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Like a Medieval Kangaroo Court, Congress Pillories the Auto Industry

Billions for the Bankers, But Not One Cent for Hard-Working Automakers

November 19, 2008       4 Comments
By: Dave Rogers

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Listening to the Senate Banking Committee's hearings on $25 billion in loans to the auto industry is like a watching medieval court in a bad movie.

Three huge beasts tagged GM, Ford and Chrysler are chained in the arena.

Surrounding are armed guards (U.S. Senators) with huge bloody knives.

"Kill the beasts," says Sen. Bob Corker of Tennessee. "They want to continue to eat even when they aren't working the fields."

"Give them only a cupful of grain a day, they can live on that can't they?" shouts Sen. Bob Casey of Pennsylvania.

"Take a pay cut to $1 a year, just like Lee Iacocco did!" shouts another to the executives.

"Work faster! Work for less! Get more gas mileage!" is the cry all around.

Listening to the Senate Banking Committee's hearings on $25 billion in loans to the auto industry is like a watching medieval court in a bad movie.

You have your court jesters, the King (Sen. Chris Dodd of Connecticut, complete with white crown), your bishop (the professor with the outlandish polka-dot bow tie), your defendant/petitioners, Mullaly of Ford, Wagoner of General Motors and Nardelli of Chrysler.

"You took $200 million from Home Depot, didn't you, Mr. Nardelli," a senator snarls from behind an accusatory finger, dredging up an irrelevancy from the past that goes unnoticed.

And your previously-convicted party, Ron Gettelfinger of the United Auto Workers. All fingers point at him. "He's guilty -- he should die," the accusing parties chant, nodding in unison that the workers make too much money.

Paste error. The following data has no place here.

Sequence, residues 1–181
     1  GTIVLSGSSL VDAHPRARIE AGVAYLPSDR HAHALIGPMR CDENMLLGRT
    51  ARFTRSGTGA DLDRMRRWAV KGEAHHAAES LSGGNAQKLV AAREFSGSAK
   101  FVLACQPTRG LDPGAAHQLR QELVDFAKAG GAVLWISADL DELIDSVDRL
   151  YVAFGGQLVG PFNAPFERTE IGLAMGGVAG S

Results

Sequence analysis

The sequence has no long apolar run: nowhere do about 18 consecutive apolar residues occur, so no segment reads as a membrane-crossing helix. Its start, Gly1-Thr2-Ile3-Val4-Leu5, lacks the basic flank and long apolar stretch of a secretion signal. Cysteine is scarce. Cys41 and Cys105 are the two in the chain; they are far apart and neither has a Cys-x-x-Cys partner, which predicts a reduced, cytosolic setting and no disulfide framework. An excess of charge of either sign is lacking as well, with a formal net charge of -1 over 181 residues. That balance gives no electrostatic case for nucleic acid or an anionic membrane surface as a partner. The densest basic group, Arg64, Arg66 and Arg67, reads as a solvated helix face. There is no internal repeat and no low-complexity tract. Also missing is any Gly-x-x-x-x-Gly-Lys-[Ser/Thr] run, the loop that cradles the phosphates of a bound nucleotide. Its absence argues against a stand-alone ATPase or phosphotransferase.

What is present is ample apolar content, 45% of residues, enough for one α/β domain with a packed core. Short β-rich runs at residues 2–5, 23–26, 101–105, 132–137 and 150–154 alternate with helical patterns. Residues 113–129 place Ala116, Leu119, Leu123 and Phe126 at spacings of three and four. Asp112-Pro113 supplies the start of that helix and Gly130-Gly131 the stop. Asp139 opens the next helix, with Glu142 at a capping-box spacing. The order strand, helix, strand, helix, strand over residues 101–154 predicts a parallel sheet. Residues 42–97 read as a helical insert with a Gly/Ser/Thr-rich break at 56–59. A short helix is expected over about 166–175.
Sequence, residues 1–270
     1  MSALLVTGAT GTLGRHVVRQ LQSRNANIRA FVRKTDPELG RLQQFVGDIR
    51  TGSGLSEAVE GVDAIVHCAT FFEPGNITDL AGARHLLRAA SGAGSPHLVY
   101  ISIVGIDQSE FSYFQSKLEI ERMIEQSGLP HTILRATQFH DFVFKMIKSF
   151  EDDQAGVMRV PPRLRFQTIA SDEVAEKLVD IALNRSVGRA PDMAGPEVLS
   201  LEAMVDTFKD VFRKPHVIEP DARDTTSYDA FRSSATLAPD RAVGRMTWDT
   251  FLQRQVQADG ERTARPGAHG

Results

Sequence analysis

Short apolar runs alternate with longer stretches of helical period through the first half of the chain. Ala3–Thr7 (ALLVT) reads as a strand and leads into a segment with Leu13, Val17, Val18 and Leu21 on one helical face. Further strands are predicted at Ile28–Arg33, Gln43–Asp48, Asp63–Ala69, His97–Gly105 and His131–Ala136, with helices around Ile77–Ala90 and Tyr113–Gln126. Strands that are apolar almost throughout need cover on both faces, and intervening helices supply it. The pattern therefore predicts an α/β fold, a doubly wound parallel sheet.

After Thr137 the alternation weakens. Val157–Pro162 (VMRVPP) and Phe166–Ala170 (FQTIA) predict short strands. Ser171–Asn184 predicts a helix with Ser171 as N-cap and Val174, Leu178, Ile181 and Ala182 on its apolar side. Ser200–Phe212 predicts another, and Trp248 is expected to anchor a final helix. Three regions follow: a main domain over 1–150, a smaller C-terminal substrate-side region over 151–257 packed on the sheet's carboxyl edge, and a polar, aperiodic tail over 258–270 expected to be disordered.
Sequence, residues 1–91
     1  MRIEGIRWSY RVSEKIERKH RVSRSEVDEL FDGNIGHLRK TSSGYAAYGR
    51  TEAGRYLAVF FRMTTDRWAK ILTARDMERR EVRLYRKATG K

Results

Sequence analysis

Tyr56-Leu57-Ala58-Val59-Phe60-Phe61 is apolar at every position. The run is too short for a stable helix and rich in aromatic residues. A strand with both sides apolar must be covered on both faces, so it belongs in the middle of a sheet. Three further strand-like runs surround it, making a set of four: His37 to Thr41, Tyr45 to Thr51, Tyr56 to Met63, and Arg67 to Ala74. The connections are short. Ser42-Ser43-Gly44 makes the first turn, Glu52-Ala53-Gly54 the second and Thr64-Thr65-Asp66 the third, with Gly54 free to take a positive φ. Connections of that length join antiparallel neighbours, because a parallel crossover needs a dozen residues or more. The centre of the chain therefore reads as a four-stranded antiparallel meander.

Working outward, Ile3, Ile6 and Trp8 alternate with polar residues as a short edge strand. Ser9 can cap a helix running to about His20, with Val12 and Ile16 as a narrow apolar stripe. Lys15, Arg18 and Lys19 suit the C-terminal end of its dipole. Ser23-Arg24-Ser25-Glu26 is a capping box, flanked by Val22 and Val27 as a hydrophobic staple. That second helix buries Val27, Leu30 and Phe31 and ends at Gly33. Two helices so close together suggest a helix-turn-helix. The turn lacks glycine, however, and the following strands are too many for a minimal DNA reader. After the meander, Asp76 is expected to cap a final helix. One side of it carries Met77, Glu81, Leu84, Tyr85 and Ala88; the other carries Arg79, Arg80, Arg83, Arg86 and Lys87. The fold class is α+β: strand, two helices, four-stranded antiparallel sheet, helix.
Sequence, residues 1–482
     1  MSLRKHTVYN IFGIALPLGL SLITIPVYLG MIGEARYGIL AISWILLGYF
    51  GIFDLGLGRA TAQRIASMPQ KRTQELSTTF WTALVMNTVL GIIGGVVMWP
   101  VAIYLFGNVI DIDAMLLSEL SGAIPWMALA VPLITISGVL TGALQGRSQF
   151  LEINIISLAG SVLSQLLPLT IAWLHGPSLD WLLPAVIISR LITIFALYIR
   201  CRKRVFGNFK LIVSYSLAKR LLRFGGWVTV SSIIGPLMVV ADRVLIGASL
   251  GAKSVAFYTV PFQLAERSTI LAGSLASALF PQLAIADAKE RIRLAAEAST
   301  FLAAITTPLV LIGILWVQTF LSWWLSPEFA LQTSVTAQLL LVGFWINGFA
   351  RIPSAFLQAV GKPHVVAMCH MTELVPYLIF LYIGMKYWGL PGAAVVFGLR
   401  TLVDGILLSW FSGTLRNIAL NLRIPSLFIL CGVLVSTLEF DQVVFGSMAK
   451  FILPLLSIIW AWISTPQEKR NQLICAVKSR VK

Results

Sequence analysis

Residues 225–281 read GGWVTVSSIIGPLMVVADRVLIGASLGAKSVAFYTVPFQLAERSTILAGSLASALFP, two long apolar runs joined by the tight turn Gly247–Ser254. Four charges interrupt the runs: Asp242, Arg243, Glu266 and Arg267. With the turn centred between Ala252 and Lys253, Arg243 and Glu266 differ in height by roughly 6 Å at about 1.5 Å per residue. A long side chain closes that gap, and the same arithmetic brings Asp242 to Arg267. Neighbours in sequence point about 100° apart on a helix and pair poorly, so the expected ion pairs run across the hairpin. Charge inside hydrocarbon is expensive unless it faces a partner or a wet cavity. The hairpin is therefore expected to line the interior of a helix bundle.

"Just let us live until next year, until the sun comes out again," the auto executives plead.

"You'll be back, this won't be the end," growls an unsympathetic senator. "Your sins of the past will follow you to the end of your days."

Sen. Corker of Tennessee, plays the evil prince, demanding the auto companies remove pay for laid off workers (let them eat cake fashion).

Sen. Jon Tester, the rural bumpkin who rode to court on a huge oxen, complains his ox eats too much grain; can you find less hungry oxen? he asks the begowned defendants. (His point, light trucks, which presumably he drives, don't get that much better gas mileage than when he started farming.)

Like education, in which everybody who ever went to school is an expert on schools, apparently everybody who ever drove a car or truck considers themselves an expert on the vehicle industry.

"You're making money overseas; just shift that money here," suggests one out-of-touch senator, who has to be gently reminded that is how business operates and balance has already been achieved.

Screaming in the background as the session breaks up is a shrill-voiced woman "We don't want any corporate welfare; put $25 billion into green jobs."

Meanwhile, in the back room of the castle, fat bankers laden with jewels, sloshing huge goblets of wine as minstrels and dancing girls surround them, carve up the fattened swine -- $700 billion worth.